Tuesday, October 20, 2009

Ordinatio Sacerdotalis- A Little Light Reading-Part 1

Ordinatio Sacerdotalis is an apostolic letter written by John Paul II and it clears up a number of issues I have heard raised on the issue of female ordination (as well as being relevant to the present situation). Quite a few Catholics seem to be confused by the Church's actions in this area and have difficulty understanding why the women who have encouraged others to be "ordained" in false ceremonies (resulting in one of the few remaining automatic excommunications) have been punished. Why shouldn't outspoken advocates of female ordination, like Sister Louise Akers, be allowed to teach in Church institutions?

The answer seems quite simple (not to mention logical). Why would the Church want teachers, within their own institutions, leading hearts and minds away from the fullness of truth found in the Catholic Church? The world gives every mind the opportunity to learn secular "truths." Why invite the secular mindset into the Catholic classroom for any reason other than for purposes of debate and response? The Church doesn't need teachers like Sister Akers encouraging young women to acts of disobedience that would ultimately lead to excommunication.

I wondered though, how firm the Church's stand on this issue really is. I've read work by male priests who stand with the feminists and loudly proclaim that this is open to debate and not dogmatic teaching. Yet John Paul II's letter is incredibly clear:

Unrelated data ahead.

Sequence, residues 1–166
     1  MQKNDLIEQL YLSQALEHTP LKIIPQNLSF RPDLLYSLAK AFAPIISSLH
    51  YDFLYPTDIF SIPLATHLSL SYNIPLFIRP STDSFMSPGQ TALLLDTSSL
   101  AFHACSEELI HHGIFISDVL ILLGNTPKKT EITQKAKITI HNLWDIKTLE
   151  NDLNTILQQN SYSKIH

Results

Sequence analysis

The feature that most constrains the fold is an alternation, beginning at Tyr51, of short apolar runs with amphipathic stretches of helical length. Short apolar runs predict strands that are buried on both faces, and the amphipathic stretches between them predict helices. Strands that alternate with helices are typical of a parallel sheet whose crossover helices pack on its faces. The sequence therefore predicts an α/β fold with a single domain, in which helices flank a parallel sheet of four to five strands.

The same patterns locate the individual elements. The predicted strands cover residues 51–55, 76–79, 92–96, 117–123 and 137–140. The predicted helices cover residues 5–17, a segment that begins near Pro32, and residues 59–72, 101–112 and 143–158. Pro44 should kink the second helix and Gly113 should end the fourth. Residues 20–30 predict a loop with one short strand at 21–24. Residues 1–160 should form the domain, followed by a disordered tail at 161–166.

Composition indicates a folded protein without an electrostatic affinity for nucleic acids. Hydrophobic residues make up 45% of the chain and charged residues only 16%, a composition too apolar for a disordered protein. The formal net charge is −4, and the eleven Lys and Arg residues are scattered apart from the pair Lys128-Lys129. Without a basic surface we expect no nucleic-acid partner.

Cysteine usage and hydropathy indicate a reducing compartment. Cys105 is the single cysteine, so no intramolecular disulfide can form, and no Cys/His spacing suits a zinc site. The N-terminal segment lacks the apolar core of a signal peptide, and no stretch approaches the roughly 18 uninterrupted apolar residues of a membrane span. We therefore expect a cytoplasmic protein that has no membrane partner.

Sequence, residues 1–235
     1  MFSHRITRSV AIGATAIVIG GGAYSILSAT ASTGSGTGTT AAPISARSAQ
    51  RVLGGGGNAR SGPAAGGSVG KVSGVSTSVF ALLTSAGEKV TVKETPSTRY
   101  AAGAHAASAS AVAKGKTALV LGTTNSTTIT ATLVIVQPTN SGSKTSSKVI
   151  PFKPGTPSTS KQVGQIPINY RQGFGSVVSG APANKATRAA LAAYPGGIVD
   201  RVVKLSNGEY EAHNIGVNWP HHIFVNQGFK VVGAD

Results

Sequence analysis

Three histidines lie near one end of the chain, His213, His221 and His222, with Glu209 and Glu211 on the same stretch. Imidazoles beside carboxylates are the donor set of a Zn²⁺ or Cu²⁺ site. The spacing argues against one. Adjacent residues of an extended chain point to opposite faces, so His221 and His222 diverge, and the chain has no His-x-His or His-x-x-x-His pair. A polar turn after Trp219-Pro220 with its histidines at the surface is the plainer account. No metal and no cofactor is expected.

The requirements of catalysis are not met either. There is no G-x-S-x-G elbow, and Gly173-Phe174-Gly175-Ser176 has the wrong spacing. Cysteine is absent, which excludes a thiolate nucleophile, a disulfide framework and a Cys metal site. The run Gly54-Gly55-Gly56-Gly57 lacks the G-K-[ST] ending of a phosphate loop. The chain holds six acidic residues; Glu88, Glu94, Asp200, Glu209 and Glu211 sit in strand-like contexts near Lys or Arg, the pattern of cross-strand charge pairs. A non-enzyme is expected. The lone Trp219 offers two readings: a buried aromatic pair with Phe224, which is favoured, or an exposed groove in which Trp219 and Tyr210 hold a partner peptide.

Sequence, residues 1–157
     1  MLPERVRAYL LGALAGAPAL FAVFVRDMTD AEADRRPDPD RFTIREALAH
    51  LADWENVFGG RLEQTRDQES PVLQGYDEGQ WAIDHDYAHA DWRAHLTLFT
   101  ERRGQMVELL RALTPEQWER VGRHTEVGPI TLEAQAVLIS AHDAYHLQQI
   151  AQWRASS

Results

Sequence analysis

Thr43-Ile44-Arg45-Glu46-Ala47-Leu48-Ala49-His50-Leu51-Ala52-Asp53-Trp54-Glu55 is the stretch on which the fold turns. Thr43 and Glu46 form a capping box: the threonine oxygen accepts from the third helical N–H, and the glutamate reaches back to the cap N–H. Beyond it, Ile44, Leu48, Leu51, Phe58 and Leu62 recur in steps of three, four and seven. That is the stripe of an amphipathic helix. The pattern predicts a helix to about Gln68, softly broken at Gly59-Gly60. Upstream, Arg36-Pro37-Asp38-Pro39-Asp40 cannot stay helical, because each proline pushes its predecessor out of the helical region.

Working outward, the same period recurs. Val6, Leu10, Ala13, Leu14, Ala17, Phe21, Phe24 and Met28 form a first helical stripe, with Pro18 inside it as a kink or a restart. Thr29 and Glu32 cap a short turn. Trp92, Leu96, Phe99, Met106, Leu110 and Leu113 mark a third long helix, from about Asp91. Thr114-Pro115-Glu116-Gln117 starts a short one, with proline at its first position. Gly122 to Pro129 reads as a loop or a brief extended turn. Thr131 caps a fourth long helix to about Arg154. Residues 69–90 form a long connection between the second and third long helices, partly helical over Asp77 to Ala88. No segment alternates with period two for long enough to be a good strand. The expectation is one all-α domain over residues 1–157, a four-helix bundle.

"4. Although the teaching that priestly ordination is to be reserved to men alone has been preserved by the constant and universal Tradition of the Church and firmly taught by the Magisterium in its more recent documents, at the present time in some places it is nonetheless considered still open to debate, or the Church's judgment that women are not to be admitted to ordination is considered to have a merely disciplinary force.

Wherefore, in order that all doubt may be removed regarding a matter of great importance, a matter which pertains to the Church's divine constitution itself, in virtue of my ministry of confirming the brethren (cf. Lk 22:32) I declare that the Church has no authority whatsoever to confer priestly ordination on women and that this judgment is to be definitively held by all the Church's faithful."
That doesn't sound like it leaves any room for argument and he didn't intend it to. This belief is to be held by the Church's faithful and at the very least one would expect that this teaching would be held true in the Church's institutions (although Catholic Colleges seem determined to disappoint again and again).

While Ordinatio Sacerdotalis is a relatively short letter (and I strongly recommend reading it for yourself) it has far more wisdom than could fit into one blog. There will be more to come!


  1. I've always held immense respect for John Paul II, and it's disappointing that so many Catholic groups are determined to have it their own way, rather than listen to the Church. If a person chooses to belong to a certain religion, they need to live that religion, not dictate that what parts they agree with to be the only they will adhere to.

  2. Hi Joanna,
    It's very odd to me too how so many people profess to be a certain religion, but then want to change everything about it!


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